Changing the world. A few months ago I would've finished that sentence with ‘through design thinking’ but now – I’m not so sure.
Don’t get me wrong – it’s not that I don’t think that design thinking is powerful or even worthy of being in the same sentence as ‘changing the world,’ but I now think it’s part of a broader range of tools that should be used together in order for change to happen.
Since I finished uni – I was probably (most definitely) naive to think that working within an industry that creates inspiring, innovative work was enough. That ‘world changing’ work would just rock up at the doorstep.
Sure, there are certain aspects of projects I’ve been a part of that maybe in some way, shape or form have had a positive impact on someone's life, but on a day-to-day level I really don’t feel like I’m impacting much at all – I’m just making peoples experiences on websites better than what they would of been.
Recently – scrolling through my twitter feed, I came across an interview that Kevin Finn did with Jessica Walsh. The caption to the article was “design won’t change the world.” This shook me. It shook me good, and it made me realise that I was living in a bubble where I thought design could, and would – change the world. For the minute between reading the caption, and reading the article, I felt some serious walls falling down around me.
[insert suspenseful life shattering pause here]
I then read the article, which went onto say “I’ve always been wary of that whole ‘Design can change the world’ thing, because I don’t think design can change the world. People can change the world—and good ideas.” Those previously mentioned walls began to build again around me – but with a hole for the more realistic views to come trickling in.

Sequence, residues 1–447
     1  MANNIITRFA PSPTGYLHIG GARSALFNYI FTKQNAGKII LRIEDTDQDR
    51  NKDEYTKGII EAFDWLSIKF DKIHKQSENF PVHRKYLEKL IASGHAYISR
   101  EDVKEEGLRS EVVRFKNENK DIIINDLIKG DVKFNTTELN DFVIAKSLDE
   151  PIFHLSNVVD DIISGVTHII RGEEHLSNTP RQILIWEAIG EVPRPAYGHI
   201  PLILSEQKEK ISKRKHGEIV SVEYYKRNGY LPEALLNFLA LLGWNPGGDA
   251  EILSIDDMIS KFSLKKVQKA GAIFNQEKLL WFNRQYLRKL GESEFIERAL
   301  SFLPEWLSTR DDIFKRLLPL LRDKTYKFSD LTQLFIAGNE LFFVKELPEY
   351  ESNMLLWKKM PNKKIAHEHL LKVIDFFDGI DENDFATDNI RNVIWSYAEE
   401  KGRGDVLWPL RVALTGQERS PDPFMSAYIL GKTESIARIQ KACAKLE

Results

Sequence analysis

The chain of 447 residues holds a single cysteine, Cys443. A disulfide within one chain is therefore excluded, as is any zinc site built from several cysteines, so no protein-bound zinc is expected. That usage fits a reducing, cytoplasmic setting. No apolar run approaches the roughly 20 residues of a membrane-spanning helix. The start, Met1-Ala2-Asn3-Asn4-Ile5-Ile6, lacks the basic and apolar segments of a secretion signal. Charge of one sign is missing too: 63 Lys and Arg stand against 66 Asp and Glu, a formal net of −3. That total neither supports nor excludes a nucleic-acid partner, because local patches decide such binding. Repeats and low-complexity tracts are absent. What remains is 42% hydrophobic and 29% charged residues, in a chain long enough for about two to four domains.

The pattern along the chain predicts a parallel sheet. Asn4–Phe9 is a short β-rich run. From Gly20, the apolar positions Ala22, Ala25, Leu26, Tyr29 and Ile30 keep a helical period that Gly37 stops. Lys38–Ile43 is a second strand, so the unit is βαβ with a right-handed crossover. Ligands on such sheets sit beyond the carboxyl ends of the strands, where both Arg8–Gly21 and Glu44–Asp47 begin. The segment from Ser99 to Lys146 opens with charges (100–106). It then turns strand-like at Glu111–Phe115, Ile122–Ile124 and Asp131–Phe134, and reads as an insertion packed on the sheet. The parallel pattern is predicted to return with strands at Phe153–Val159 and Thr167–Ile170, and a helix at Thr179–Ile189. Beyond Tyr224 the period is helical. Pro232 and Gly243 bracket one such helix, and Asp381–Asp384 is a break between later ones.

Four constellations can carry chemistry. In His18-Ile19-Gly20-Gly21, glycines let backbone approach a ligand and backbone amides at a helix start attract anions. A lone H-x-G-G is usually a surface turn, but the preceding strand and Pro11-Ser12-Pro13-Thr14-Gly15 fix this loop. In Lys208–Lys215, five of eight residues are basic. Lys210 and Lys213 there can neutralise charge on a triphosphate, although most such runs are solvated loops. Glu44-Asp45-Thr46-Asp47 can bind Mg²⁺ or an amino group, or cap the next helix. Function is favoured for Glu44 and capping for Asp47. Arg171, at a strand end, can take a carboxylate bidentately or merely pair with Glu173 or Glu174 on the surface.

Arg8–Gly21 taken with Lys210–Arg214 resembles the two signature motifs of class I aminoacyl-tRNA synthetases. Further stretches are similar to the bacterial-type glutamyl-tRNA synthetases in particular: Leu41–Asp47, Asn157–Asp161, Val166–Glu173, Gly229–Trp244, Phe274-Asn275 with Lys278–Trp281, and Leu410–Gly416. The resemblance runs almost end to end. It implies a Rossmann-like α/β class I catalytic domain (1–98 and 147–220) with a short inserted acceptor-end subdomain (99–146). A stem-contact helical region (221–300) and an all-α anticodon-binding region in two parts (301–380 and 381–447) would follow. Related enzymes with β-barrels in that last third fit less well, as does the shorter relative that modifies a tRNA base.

After this ordeal of emotions (slight overreaction...) I wanted to work toward a life where I could see the results of life altering / world changing ideas. But – what areas did I want to focus on? Where could I start working towards these so called ‘ideas’? I really had no clue, and with that comes procrastination and avoidance.
That’s when I read The School of Life’s ‘How to change the world – by John-Paul Flintoff.’ Which helped me compartmentalise some thoughts, and understand a few different directions of how changing the world could be possible. I’ve pulled out some golden nuggets which really resonated with me personally, and hopefully you can find something in them as well.
Golden Nuggets from The School of Life’s ‘How to change the world – by John-Paul Flintoff’
“We won’t be motivated to change the world – if doing so threatens to be a dreary obligation, but if we can find a way to do it that overlaps with the things we most enjoy, we’re more likely to stick to it.”
“What type of life do I think of as a good life? In the fullest sense of the term? What kind of life do I truly admire, and what kind of life do I hope to look back on?”
“Another thing we might do, is take a look back at times when we have made a difference, no matter how small, and try to remember what that felt like.”
“It’s all so, crucially, about not being absent in the world around us. Murdoch believed we should cultivate a kind of ‘mindfulness.’ By making a habit of focusing our attention on everyday things.”
“To see the potential even in our shortcomings, failures, and what we lack requires us to take a fresh look at our entire lives.”
I’m still working out what my ‘thing’ is. The ‘thing’ that will make me feel like I’m impacting the world in a positive way. I’m sure it’s a long road, but it’s a road I’m excited to take.